3 add a note about future changes
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No, the bottom system bar (that's the one with the home, back, and recent buttons) can't be hidden on a stock device without rooting it and using a custom system image. The soft home button is very important because it gives you a way to get back to the home screen that can't be overridden by apps: this includes getting out of an unresponsive or broken app.

On 4.0 and above an app author can temporarily hide both bars, but touching the screen or pressing any hard key (including volume) will bring them back, so that doesn't prevent people leaving the app. (And quite right! It would be crazy for stock Android to let one app take over the whole system.)

The SYSTEM_UI_FLAG_HIDE_NAVIGATION is a new flag that requests the navigation bar hide completely. Be aware that this works only for the navigation bar used by some handsets (it does not hide the system bar on tablets). The navigation bar returns to view as soon as the system receives user input. As such, this mode is useful primarily for video playback or other cases in which the whole screen is needed but user input is not required.

http://developer.android.com/about/versions/android-4.0.html

It's worth noting that a full kiosk mode (not letting the user leave the app at all) has been announced for Android L, but the app has to be a device administrator to enter this mode.

No, the bottom system bar (that's the one with the home, back, and recent buttons) can't be hidden on a stock device without rooting it and using a custom system image. The soft home button is very important because it gives you a way to get back to the home screen that can't be overridden by apps: this includes getting out of an unresponsive or broken app.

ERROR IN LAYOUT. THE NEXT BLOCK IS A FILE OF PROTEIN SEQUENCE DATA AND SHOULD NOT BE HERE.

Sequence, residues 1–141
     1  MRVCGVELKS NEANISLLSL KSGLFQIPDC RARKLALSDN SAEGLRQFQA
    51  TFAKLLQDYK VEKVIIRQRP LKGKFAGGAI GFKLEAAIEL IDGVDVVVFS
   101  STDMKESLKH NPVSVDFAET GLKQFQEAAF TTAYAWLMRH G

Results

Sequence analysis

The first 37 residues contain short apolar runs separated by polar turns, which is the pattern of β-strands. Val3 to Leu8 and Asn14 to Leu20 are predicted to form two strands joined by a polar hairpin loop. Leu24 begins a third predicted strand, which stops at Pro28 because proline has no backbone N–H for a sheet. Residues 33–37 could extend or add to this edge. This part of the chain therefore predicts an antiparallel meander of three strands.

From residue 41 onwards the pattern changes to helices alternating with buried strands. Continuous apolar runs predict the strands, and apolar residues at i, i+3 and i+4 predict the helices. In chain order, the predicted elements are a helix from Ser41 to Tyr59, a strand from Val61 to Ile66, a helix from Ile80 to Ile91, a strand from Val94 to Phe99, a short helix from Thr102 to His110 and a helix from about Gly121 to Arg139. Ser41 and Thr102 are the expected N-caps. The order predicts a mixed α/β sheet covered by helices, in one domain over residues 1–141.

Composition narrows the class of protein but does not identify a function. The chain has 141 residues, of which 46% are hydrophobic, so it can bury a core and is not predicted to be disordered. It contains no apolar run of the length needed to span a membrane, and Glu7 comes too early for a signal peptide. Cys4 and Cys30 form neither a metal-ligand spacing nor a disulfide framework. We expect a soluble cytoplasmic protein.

On 4.0 and above an app author can temporarily hide both bars, but touching the screen or pressing any hard key (including volume) will bring them back, so that doesn't prevent people leaving the app. (And quite right! It would be crazy for stock Android to let one app take over the whole system.)

The SYSTEM_UI_FLAG_HIDE_NAVIGATION is a new flag that requests the navigation bar hide completely. Be aware that this works only for the navigation bar used by some handsets (it does not hide the system bar on tablets). The navigation bar returns to view as soon as the system receives user input. As such, this mode is useful primarily for video playback or other cases in which the whole screen is needed but user input is not required.

http://developer.android.com/about/versions/android-4.0.html

No, the bottom system bar (that's the one with the home, back, and recent buttons) can't be hidden on a stock device without rooting it and using a custom system image. The soft home button is very important because it gives you a way to get back to the home screen that can't be overridden by apps: this includes getting out of an unresponsive or broken app.

On 4.0 and above an app author can temporarily hide both bars, but touching the screen or pressing any hard key (including volume) will bring them back, so that doesn't prevent people leaving the app. (And quite right! It would be crazy for stock Android to let one app take over the whole system.)

The SYSTEM_UI_FLAG_HIDE_NAVIGATION is a new flag that requests the navigation bar hide completely. Be aware that this works only for the navigation bar used by some handsets (it does not hide the system bar on tablets). The navigation bar returns to view as soon as the system receives user input. As such, this mode is useful primarily for video playback or other cases in which the whole screen is needed but user input is not required.

http://developer.android.com/about/versions/android-4.0.html

It's worth noting that a full kiosk mode (not letting the user leave the app at all) has been announced for Android L, but the app has to be a device administrator to enter this mode.

2 add more info on fullscreen mode